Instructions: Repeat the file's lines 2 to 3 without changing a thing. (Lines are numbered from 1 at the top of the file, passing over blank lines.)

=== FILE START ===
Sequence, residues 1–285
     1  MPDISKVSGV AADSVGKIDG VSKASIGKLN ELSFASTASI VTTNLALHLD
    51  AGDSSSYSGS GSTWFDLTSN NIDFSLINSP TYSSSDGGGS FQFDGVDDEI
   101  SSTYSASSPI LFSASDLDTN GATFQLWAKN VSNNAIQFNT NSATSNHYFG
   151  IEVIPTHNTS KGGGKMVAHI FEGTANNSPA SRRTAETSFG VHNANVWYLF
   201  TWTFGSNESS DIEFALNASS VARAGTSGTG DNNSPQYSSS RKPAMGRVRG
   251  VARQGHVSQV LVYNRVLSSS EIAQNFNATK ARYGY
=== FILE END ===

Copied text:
     1  MPDISKVSGV AADSVGKIDG VSKASIGKLN ELSFASTASI VTTNLALHLD
    51  AGDSSSYSGS GSTWFDLTSN NIDFSLINSP TYSSSDGGGS FQFDGVDDEI